13 million more uninsured people

This is the big one. The Congressional Budget Office has estimated that the tax bill’s repeal of Obamacare’s individual mandate will raise about $338 billion to pay for tax cuts focused at corporations — but will, in the process, lead to 13 million fewer people having health insurance by 2027; 4 million fewer will have insurance as early as 2019, when the provision takes effect.

The most immediate effects are on people with individual market insurance, including that subsidized by Obamacare, and people on Medicaid. The CBO finds that 3 million fewer people would have individual market insurance and 1 million fewer would have Medicaid in 2019 if the mandate goes away. Five million fewer each would have Medicaid and individual market coverage in 2027; the remaining millions are people with employer-based coverage who'd lose it.

Some Republicans defending the tax bill argue that the 13 million figure is exaggerated, that the mandate can’t possibly spur that many people to sign up. But there’s empirical evidence backing up the idea that it drives a significant number of people into health insurance.

Matt Fiedler at the Brookings Institution looked at how enrollment in individual health insurance changed after the mandate took effect, focusing on Americans too rich to get Obamacare subsidies (so the only new reason they’d have to sign up is the mandate), and comparing people outside Massachusetts to those in Massachusetts, since the state already had an individual mandate. He found big increases in the share of people in this group insured outside of Massachusetts — but no similar increase in Massachusetts. That strongly suggests that the addition of the mandate made a big difference.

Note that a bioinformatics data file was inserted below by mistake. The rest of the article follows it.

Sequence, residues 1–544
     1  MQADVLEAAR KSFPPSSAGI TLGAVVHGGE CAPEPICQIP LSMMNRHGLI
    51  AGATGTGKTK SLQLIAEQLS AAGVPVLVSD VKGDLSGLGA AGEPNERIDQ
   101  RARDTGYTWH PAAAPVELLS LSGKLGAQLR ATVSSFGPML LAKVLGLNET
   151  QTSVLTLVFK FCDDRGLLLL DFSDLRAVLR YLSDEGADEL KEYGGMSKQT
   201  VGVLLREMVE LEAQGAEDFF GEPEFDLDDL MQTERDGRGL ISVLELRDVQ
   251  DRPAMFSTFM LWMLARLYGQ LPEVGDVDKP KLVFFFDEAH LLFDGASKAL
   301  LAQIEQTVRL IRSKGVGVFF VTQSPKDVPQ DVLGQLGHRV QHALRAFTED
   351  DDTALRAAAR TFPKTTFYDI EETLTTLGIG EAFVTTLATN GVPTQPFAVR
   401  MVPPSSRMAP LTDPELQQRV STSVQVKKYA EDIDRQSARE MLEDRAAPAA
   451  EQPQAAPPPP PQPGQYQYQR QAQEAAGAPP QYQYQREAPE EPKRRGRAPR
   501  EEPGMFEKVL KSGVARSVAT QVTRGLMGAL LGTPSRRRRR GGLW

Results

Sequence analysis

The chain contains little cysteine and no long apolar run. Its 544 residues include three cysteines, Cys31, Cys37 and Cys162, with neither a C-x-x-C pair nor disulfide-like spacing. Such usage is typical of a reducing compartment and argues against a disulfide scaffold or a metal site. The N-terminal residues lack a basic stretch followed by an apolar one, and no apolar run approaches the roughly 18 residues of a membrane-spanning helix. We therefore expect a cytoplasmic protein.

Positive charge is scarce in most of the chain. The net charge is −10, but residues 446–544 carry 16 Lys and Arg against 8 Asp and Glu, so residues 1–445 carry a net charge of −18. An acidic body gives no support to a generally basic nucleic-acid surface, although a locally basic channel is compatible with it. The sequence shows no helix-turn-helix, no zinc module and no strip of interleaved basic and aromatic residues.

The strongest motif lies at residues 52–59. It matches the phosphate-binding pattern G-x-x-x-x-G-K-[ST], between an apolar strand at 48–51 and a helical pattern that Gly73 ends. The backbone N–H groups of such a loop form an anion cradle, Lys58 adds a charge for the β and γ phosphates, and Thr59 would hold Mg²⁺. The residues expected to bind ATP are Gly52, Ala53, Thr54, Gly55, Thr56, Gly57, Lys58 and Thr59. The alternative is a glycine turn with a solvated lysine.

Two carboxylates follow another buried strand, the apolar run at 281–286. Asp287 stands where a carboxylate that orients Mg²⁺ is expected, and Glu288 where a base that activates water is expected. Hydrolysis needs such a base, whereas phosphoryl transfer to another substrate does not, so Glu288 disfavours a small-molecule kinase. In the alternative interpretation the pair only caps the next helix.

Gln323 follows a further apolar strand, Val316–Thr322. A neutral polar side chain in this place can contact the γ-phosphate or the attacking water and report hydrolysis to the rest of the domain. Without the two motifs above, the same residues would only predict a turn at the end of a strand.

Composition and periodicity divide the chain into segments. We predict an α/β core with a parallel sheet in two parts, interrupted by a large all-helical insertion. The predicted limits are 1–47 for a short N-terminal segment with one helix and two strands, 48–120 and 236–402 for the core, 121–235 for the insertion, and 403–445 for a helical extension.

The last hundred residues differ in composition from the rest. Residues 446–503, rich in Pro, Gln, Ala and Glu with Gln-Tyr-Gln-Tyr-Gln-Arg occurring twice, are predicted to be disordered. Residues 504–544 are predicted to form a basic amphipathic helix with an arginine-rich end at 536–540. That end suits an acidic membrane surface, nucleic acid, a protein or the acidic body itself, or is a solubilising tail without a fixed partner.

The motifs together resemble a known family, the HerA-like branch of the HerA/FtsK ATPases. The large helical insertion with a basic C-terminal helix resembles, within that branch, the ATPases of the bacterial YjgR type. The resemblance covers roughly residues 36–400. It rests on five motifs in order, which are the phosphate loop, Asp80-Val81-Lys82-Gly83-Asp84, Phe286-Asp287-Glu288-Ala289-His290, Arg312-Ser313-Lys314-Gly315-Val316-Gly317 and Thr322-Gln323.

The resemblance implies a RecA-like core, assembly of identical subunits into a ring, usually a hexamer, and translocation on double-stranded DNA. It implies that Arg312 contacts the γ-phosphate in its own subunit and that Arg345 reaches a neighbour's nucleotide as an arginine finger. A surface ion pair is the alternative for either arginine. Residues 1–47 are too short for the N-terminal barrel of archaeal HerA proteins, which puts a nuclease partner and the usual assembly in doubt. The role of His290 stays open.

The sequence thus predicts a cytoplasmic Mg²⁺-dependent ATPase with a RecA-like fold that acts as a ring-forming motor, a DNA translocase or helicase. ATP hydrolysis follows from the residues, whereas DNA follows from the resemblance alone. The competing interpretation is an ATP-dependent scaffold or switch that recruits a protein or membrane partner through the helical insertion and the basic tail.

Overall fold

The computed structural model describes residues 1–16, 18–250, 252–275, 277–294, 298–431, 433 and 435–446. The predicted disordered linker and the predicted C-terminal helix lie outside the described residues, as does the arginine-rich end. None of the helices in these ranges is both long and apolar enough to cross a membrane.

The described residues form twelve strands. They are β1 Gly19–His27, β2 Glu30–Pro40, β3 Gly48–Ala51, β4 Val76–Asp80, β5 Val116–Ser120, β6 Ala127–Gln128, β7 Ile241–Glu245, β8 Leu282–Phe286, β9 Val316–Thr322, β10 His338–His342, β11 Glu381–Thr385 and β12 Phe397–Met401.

15,600 more deaths every year because people don’t have health insurance

When my colleague Julia Belluz dived into the evidence on the effect of health insurance on mortality, she found two particularly compelling studies, analyzing the effects that Massachusetts’s health reform law (which was very similar in structure to Obamacare) and Medicaid expansions in three states had on death rates. Extrapolating from those studies' findings, she found that 20 million people losing health insurance translates to anywhere between 24,000 and 44,000 extra deaths per year.

Using the smaller figure to be conservative, and extending it to the 13 million people who the CBO estimates would lose coverage under this tax bill, that means 15,600 extra deaths every year.

There is substantial uncertainty baked into these estimates, of course. But even if the figure is “just” 1,560 more deaths per year, 10 times smaller, that would still be very troubling. Which brings us to…

1,550 more people dead every year due to drunk driving and other alcohol-related causes

This is a less well-known provision of the bill, but Senate Republicans are proposing slashing federal alcohol taxes across the board by about 16 percent, a cut affecting beer, wine, and liquor alike.

There is voluminous economic evidence showing that higher alcohol taxes save lives by reducing binge drinking and thus reducing deaths due to drunk driving, liver cirrhosis, alcohol-fueled assault and domestic violence, and other causes. That suggests that lower alcohol taxes, in turn, increase deaths from those causes.